September 24, 2012 / 6:00 PM / 5 years ago

Canadian minister warns Nexen takeover bid needs close scrutiny

* State-owned firms need particular scrutiny, Kenney says

* Amnesty, others say rights should be central consideration

* Kenney says government takes human rights into account

OTTAWA, Sept 24 (Reuters) - Ottawa should pay very close attention to proposals by state-owned foreign companies to take over big Canadian resource firms, a high-profile cabinet minister said on Monday, referring to a Chinese bid for oil company Nexen Inc.

Citizenship and Immigration Minister Jason Kenney, a powerful minister who has long been a critic of China’s human rights record, made his remarks during a news conference in which he was asked about the $15.1 billion bid for Nexen by China’s CNOOC Ltd.

“Most Canadians want to ensure that the government applies a rigorous lens to acquisitions of large Canadian resource companies, particularly by state-owned enterprises,” he said, adding that Industry Minister Christian Paradis would make an impartial decision on whether to approve the Nexen takeover.

Ultimately, the decision on whether the transaction would be of net benefit to Canada will be made by Prime Minister Stephen Harper, whose cabinet is having “robust discussions” on the issue, according to one insider.

Kenney spoke as news emerged about a letter to Paradis by a coalition of groups, including Amnesty International, declaring it vital that human rights be given central consideration during the review of the bid.

“That includes assessing China’s troubling general human rights record (of particular importance given that CNOOC is state-owned), CNOOC’s own human rights record, and the existing human rights policies and practices of Nexen,” the group said in the Aug. 16 letter, made public on Monday.

“All of those considerations must be thoroughly and transparently taken into account during your review, with a full accounting to Canadians as to how they have been weighed.”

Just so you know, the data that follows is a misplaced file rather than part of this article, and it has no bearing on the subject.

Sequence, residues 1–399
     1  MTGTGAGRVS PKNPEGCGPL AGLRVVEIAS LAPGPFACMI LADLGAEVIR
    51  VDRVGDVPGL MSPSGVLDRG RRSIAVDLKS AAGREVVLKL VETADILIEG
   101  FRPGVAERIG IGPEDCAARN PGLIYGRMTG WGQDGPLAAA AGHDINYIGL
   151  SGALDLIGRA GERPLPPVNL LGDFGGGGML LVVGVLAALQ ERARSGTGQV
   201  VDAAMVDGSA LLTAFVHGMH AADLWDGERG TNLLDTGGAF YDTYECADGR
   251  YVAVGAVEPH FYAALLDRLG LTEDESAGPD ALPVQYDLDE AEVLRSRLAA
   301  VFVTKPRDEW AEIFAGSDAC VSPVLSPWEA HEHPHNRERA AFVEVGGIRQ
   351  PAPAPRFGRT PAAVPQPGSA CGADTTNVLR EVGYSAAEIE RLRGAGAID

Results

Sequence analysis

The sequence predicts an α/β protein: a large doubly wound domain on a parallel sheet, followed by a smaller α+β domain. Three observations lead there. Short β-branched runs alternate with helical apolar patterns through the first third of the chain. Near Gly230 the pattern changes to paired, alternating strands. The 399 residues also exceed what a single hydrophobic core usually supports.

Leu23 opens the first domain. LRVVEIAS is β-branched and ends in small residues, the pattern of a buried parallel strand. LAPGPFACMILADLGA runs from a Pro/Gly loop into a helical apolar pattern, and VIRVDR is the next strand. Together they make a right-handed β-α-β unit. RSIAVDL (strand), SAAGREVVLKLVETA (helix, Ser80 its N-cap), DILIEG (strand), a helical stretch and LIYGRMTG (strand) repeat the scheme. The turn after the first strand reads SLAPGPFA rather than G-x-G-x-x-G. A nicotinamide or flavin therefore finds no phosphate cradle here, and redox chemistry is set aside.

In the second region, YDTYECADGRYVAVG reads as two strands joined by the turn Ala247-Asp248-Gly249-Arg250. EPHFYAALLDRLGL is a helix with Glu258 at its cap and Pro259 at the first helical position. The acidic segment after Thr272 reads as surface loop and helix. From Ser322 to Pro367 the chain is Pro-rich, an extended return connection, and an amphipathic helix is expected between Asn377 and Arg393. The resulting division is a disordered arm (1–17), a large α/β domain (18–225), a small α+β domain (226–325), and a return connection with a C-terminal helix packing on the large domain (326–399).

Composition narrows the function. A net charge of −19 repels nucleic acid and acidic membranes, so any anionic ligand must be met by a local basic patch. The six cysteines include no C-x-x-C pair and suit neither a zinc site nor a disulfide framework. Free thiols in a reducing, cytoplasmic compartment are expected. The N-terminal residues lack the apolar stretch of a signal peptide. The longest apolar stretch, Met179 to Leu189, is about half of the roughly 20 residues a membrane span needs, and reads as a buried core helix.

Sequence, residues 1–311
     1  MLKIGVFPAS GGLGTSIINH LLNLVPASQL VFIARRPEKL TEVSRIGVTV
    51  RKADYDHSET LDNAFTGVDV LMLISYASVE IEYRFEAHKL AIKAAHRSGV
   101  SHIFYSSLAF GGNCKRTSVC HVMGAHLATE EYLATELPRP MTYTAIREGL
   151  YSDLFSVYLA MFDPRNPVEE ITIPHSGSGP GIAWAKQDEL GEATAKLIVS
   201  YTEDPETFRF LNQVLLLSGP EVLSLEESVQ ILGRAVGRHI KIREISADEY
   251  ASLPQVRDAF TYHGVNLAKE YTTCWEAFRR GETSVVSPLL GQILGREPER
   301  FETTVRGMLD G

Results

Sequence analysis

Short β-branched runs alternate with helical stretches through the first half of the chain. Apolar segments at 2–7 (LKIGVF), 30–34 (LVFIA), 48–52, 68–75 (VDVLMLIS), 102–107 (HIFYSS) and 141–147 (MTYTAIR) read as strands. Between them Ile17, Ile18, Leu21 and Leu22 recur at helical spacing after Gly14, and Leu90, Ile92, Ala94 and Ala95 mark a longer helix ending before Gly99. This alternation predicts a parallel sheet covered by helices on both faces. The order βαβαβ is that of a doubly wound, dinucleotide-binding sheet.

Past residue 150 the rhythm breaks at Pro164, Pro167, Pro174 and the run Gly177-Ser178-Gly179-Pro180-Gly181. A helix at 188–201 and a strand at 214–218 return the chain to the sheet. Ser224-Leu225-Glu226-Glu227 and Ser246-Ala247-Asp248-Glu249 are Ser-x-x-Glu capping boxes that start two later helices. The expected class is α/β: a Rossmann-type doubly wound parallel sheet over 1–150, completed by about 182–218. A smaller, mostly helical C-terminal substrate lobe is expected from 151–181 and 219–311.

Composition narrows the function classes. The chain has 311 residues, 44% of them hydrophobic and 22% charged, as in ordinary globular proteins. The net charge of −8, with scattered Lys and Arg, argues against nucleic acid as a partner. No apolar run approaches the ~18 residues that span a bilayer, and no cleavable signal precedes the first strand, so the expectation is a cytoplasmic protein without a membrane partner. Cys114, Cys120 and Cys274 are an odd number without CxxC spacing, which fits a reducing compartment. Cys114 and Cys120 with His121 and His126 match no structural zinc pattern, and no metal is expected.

Kenney, asked if human rights should be part of the calculus, said it was not for him to comment, but then he made a reference to balancing trade with human rights.

“Our government has articulated a balanced approach on Canada-China relations, one that advances both our interests, such as trade and commerce, and our values, such as the importance of human rights,” he said.

“I think the prime minister has done an excellent job of giving expression to that kind of balanced policy.”

The Canadian Coalition on Human Rights in China, the group that sent the letter to Paradis, said it had long expressed concern about the subordination of human rights to trade and investment in Canada’s policy on China.

It said Nexen had frequently shown leadership on human rights. “This track record stands in contrast to allegations that CNOOC may have operated in ways that contributed to human rights violations,” it said in the letter.

It referred to reports, which it said could not verify, that CNOOC may have been involved in oil exploration in Myanmar that damaged villagers’ crops and eliminated their income from small-scale oil drilling operations.

“Numerous villagers have reportedly faced arrests and interrogations at the hands of the Burmese army because of their participation in protests against the confiscation of their land and local refinery operations,” the coalition letter said.

It also cited concern about CNOOC’s operations in Tibet, and said serious concerns had arisen about the labor rights record of other Chinese companies in the Canadian oil sector.

A Canadian spokesman for CNOOC was not immediately available for comment.

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